Creative Economies Africa



By Waithira Kibuchi

How much of your life do you spend thinking about clothes? A tiny fraction, if you are like most people. You may strive to dress appropriately for different contexts in your day-to-day life, but probably never think about how your clothes got made and found their way to your wardrobe. Clothing production is a lengthy process that spans the growth and extraction of fibre, spinning of yarn, fabric manufacture, cutting, sewing, distribution and retail. This process involves multiple players at multiple stages, making up the global fashion industry, which is the world’s third-largest manufacturing sector. It is valued at USD 2.4billion and employs approximately 75 million people in its value chain*. This value is economically significant, but it harbours a concealed environmental cost. The industry is estimated to account for 2-8% of global carbon emissions and further impacts the environment through its heavy freshwater consumption, wastewater production, plastic microfiber contamination, use of pesticides, and landfill disposal*. It was this concern that brought the three minds behind Mali Safi together. 

Mali Safi is a documentary that will showcase Kenyan fashion through the lens of sustainable techniques and processes. The team consists of Anita Barbara, Grace Ndunge, and Charles Guthua. Anita is an interior designer, commercial model and upcoming art director who has taken part in various runway shows, editorials, lookbooks, and commercials over the years; Grace is a fashion designer who takes pride in making quality, sustainable fashion that is accessible to all social classes; and Charles is a freelance filmmaker, photographer and creative director working to tell stories through visual production. The film will document Grace Ndunge as she discovers new techniques and processes to adopt for her fashion brand, Zaqara Kenya.

What brings each individual to the project? While working as a model, Anita has noticed that local visual production largely relies on Western visual material to guide its direction. It had also come to her attention that mainstream movies and exhibitions are increasingly highlighting a few African-inspired ideas but they do not delve into the history and knowledge attached to those themes. This missing element led her to take an interest in art direction, and she will serve this project in that capacity. Grace identifies as an ardent environmentalist and carries out some farming and landscaping alongside her work as a fashion designer. She has observed extreme changes in weather patterns over the past few years and would like to play her part in reversing this trend by incorporating sustainability into her work as a fashion designer. Charles is passionate about telling stories through the lens and was on the lookout for another opportunity to work with Anita, with whom he enjoys a great working relationship. The two of them had previously collaborated on a short fashion film about African hair.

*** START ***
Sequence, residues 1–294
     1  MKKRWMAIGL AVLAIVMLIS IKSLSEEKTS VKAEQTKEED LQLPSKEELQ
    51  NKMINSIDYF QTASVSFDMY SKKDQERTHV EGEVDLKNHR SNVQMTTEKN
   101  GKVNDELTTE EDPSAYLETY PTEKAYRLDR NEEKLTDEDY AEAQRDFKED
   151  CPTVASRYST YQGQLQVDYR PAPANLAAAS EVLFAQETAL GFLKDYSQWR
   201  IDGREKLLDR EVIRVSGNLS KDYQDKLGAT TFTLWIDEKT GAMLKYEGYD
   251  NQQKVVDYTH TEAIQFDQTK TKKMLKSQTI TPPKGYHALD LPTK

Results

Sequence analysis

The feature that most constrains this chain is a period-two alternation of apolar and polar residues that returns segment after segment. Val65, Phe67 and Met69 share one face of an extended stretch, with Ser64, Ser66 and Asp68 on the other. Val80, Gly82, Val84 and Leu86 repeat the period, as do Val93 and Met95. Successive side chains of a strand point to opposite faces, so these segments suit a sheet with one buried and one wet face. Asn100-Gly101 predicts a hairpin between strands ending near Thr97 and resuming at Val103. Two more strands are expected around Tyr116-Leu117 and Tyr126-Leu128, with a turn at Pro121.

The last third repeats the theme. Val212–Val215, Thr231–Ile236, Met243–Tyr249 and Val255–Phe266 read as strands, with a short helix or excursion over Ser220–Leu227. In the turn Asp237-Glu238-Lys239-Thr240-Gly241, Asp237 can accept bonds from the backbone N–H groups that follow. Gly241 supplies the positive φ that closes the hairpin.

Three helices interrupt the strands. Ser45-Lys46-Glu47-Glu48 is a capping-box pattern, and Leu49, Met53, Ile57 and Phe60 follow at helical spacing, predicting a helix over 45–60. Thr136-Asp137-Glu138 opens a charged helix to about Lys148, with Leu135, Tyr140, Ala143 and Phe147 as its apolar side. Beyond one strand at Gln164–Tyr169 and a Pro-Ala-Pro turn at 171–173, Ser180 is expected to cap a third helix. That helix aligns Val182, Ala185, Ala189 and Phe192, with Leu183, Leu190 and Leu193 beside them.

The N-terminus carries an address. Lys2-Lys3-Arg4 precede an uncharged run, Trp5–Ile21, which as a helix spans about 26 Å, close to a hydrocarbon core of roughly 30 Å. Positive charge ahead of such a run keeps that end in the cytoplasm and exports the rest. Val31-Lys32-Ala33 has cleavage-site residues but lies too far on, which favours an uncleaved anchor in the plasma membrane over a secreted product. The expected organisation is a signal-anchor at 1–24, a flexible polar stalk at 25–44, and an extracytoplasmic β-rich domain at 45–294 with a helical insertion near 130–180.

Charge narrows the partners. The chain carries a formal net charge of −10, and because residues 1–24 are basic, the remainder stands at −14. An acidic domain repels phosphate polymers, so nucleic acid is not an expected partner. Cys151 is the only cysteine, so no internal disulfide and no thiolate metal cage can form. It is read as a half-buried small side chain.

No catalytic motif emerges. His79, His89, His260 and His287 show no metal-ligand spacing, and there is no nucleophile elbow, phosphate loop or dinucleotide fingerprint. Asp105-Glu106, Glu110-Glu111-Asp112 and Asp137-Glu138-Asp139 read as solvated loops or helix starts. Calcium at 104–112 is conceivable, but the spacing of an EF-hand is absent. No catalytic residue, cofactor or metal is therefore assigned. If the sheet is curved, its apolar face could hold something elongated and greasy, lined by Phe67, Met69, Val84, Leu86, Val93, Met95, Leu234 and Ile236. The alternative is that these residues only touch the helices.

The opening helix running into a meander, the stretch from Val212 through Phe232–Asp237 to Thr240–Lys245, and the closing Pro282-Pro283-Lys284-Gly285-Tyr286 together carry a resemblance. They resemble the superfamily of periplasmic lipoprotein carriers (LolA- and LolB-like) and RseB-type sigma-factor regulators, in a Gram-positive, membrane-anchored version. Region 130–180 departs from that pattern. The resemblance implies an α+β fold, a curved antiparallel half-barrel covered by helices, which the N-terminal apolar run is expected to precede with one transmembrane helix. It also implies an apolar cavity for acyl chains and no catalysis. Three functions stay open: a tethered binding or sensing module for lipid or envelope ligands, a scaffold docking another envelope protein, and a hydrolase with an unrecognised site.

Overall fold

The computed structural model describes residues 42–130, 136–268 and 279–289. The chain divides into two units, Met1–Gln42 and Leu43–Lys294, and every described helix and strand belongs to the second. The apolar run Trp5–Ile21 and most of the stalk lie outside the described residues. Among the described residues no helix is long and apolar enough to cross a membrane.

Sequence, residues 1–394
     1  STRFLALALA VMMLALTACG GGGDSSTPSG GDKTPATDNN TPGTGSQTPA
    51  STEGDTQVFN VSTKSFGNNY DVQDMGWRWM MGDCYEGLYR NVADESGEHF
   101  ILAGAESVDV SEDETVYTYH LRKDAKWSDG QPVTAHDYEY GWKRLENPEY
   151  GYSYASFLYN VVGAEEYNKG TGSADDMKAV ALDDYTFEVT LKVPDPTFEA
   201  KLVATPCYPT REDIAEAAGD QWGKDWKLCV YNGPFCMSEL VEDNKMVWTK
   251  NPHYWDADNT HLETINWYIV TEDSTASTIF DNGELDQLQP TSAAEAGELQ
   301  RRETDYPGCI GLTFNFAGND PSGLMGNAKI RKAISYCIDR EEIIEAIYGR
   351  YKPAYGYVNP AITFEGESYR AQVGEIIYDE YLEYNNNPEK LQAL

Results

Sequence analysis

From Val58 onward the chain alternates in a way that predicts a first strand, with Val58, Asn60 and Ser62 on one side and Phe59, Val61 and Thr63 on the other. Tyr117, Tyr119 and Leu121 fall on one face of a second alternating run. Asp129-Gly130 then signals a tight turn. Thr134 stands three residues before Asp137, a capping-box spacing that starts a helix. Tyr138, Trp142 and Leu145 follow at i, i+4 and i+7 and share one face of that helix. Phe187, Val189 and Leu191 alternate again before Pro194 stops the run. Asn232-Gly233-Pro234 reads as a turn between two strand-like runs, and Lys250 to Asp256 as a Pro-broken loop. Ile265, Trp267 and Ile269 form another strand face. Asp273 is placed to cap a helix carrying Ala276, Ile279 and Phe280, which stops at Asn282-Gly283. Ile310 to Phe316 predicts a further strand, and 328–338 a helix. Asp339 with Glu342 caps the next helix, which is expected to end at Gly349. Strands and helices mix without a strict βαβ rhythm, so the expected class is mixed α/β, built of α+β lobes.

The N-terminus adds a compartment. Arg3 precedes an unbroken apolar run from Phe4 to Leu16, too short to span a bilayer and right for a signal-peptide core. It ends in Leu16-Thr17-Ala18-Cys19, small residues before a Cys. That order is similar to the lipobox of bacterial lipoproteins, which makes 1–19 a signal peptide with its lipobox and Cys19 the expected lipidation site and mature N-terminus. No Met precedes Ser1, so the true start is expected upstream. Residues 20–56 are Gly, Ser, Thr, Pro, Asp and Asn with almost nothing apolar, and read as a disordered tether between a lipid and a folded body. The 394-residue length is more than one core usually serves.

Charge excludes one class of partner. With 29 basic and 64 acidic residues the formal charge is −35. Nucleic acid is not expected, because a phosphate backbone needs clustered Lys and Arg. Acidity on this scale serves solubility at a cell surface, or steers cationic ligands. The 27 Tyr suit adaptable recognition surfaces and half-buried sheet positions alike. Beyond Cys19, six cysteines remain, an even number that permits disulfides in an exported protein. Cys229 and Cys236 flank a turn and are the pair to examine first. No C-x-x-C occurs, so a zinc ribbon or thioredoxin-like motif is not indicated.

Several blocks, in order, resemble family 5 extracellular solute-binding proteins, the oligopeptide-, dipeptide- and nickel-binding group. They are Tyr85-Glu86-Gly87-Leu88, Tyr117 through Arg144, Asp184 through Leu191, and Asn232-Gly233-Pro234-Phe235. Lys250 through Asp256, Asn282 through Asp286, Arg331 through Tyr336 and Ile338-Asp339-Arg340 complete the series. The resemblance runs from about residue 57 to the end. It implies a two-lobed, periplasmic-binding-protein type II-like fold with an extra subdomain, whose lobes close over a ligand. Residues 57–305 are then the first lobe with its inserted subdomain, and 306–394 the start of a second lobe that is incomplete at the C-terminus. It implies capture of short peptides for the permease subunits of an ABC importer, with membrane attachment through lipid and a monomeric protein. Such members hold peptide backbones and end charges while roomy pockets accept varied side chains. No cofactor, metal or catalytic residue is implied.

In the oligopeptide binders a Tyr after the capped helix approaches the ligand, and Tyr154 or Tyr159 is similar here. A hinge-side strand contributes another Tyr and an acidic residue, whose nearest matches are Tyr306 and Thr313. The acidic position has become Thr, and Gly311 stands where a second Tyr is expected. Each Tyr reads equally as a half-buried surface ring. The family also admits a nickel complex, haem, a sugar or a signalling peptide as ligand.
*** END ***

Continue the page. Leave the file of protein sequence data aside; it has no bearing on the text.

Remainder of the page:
This project seeks to demonstrate that fashion can be created and consumed sustainably in Kenya. Grace points out that while Africans have always worn clothes their production and consumption processes did not always degrade the environment as much as they do today. She believes that they have been co-opted into a Westernised fashion production and consumption model that prizes speed to market and bulk production. The Mali Safi team suggests that there is room to use simpler, slower, and more traditional methods to meet clothing demand. 

Anita hopes that this documentary will enable her to make a critical contribution to matters of representation in the creative economy and contribute to her art direction portfolio. Grace is looking to learn as much as possible about sustainable practices in fashion production and use the knowledge in her creative practice. Charles is keen to experience the collaborative process that will create this knowledge and disseminate it into the world and looks at the project as an opportunity for growth.

Mali Safi is ultimately about African creatives rooting their work in authentic experiences, celebrating their heritage and telling their own stories, rather than relying on Western concepts and ideas that are handed down to them. Through this work, Anita, Grace and Charles are telling African creatives that they matter, and their work matters. They are hoping to distribute the documentary in the mainstream and use it as a launching pad for future films and collaborations with other stakeholders in the creative industry.

The AHSCE is delighted to support Mali Safi and looks forward to publishing the documentary at the end of the project. 

* How Much Do Our Wardrobes Cost to the Environment? Retrieved from

**UN Alliance For Sustainable Fashion addresses damage of ‘fast fashion’. Retrieved from